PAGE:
Portrait of dignity


“Animals don’t behave like men,’ he said. ‘If they have to fight, they fight; and if they have to kill, they kill. But they don’t sit down and set their wits to work to devise ways of spoiling other creatures’ lives and hurting them. They have dignity and animality.”  ~ Richard Adams, Watership Down

Preparation for writing my own Damn Fine Story

So I’ve decided to do NaNo (National Novel Writing Month) this year and am spending my time before November 1st figuring out characters and outline. It’s intimidating to think about 50k words in 30 days and I’m fully aware my success depends on the very best road map I can create.

I had a cold shock the other day with the realization that my outline was a series of “and then” scenes (one event following another, without an increase in tension). As written, my outline was worthless. I’m not gonna have the luxury of taking breaks to noodle on how to increase conflict in the NaNo draft. I must have built-in conflict before I begin which means I need to link my scenes with “but” and “therefore.” Note: there are many links out there regarding Trey Parker’s explanation regarding “but, therefore”).

Last night I couldn’t sleep and spent hours in the dark thinking about my protagonist and what he’ll be up against in my new book. Tons of ideas bounced around my head (none of which I wrote down) and then I remembered what I’d read in Damn Fine Story (written by Chuck Wendig, profane and big-hearted gift to the writing world). To paraphrase: it doesn’t work to cram a plot onto a character; the characters drive the story.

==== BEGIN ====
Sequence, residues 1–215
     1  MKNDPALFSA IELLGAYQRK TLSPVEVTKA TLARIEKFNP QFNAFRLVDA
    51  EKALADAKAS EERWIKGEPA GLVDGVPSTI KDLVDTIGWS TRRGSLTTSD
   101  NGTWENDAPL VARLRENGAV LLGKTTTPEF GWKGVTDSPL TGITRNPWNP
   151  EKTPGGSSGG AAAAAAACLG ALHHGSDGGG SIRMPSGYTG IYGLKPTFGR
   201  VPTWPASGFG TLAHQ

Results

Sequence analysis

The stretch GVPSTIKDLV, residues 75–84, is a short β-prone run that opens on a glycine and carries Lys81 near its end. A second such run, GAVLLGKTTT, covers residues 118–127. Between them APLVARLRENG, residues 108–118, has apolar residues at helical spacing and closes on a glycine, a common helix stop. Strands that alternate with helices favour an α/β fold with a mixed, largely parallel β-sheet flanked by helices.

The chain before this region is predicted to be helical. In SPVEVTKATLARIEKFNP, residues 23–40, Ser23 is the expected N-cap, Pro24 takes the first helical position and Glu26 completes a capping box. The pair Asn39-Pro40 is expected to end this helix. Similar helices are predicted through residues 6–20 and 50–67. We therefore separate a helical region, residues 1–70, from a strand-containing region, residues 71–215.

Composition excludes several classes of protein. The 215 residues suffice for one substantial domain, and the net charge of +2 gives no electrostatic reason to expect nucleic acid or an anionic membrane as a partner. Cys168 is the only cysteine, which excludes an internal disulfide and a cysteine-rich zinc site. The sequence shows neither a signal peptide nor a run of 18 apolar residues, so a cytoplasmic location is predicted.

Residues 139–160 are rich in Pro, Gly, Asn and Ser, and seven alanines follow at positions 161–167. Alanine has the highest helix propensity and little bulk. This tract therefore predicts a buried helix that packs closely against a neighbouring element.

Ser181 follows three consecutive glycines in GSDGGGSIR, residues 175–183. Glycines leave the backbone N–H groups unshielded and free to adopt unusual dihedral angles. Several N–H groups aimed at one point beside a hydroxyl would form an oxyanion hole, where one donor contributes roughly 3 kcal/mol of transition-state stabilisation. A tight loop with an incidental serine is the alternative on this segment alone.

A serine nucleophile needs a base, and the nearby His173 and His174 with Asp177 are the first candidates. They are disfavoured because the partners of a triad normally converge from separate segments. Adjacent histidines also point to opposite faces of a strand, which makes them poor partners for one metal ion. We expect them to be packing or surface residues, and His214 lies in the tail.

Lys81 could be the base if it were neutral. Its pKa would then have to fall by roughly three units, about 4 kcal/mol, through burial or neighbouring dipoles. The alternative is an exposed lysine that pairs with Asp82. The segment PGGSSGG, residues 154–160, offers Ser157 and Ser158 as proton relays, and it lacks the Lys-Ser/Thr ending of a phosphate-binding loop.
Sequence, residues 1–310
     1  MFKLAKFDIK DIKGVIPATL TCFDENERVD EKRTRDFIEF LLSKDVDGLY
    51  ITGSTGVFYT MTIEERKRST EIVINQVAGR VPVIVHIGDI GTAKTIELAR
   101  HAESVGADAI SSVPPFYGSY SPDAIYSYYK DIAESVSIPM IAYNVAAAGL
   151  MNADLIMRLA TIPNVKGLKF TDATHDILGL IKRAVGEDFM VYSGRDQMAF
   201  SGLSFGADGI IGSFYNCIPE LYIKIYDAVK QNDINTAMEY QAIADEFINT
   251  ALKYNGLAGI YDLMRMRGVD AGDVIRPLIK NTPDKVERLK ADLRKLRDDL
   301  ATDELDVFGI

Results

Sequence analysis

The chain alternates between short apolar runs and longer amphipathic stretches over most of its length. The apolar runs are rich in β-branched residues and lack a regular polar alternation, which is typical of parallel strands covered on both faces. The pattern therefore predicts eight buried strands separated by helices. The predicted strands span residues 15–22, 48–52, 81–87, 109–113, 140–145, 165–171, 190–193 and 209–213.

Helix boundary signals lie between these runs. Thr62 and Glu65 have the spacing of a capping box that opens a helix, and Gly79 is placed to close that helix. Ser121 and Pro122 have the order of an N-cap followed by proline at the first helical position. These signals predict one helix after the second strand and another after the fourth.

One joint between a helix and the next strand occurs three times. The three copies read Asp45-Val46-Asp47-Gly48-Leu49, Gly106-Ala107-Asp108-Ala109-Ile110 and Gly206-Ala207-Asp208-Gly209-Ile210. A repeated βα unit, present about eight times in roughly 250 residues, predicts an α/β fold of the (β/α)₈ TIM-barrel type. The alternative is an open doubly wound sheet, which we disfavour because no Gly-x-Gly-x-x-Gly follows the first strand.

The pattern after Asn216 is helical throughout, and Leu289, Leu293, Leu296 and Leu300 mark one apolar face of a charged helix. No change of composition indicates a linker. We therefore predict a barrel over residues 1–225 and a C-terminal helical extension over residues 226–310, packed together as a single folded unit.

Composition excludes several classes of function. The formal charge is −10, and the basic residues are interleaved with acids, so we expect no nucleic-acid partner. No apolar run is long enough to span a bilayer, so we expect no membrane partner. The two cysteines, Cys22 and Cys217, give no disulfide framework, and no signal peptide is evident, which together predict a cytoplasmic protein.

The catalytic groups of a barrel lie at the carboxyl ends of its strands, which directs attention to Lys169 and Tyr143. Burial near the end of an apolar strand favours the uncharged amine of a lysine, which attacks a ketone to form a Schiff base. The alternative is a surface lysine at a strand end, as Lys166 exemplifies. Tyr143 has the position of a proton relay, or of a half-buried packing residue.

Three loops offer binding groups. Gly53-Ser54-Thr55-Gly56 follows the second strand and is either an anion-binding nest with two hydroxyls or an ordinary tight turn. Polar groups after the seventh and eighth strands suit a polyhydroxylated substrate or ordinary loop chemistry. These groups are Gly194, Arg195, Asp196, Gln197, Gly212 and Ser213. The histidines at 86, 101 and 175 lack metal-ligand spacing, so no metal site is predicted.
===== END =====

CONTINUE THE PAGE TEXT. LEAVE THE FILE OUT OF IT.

This morning I reread Damn Fine Story’s chapter two: “Soylent Story: It’s Made Out of People.” And guess what? I’m feeling much better about my upcoming NaNo experience.

Thank you, Chuck!

Revision tip: bind that manuscript

As I wait to hear back from my agent on the middle-grade manuscript I sent her way, I want to document a new approach in my revision process. For the first time ever in the history of me writing books, I paid to have a manuscript bound. Here it is:

I was inspired by this tweet from author-extraordinaire Laurel Snyder:

Intrigued by the idea of revising in that tidy format, I asked Laurel if she printed single or double-sided and she responded that she did single sides because then she could write on the backs of pages. She also said she requested extra blank pages bound in the back for notes. Genius!

Before having my manuscript printed I switched it from the manuscript default (Times New Roman 12-point) to Garamond 12-point. I did that so my brain would see and read the pages differently. It came out to about 200 pages and cost me $22.

I applied my usual revision approach of reading the entire manuscript in one sitting. I always set the goal of reading without revising or making notes, but this time around was not at all successful. I tweaked sentences here and there early on and then forced myself to merely mark troublesome passages with CLUNKY. I made other general notes in the margins and then after finishing the manuscript wrote out big-picture thoughts/questions on a blank page in back.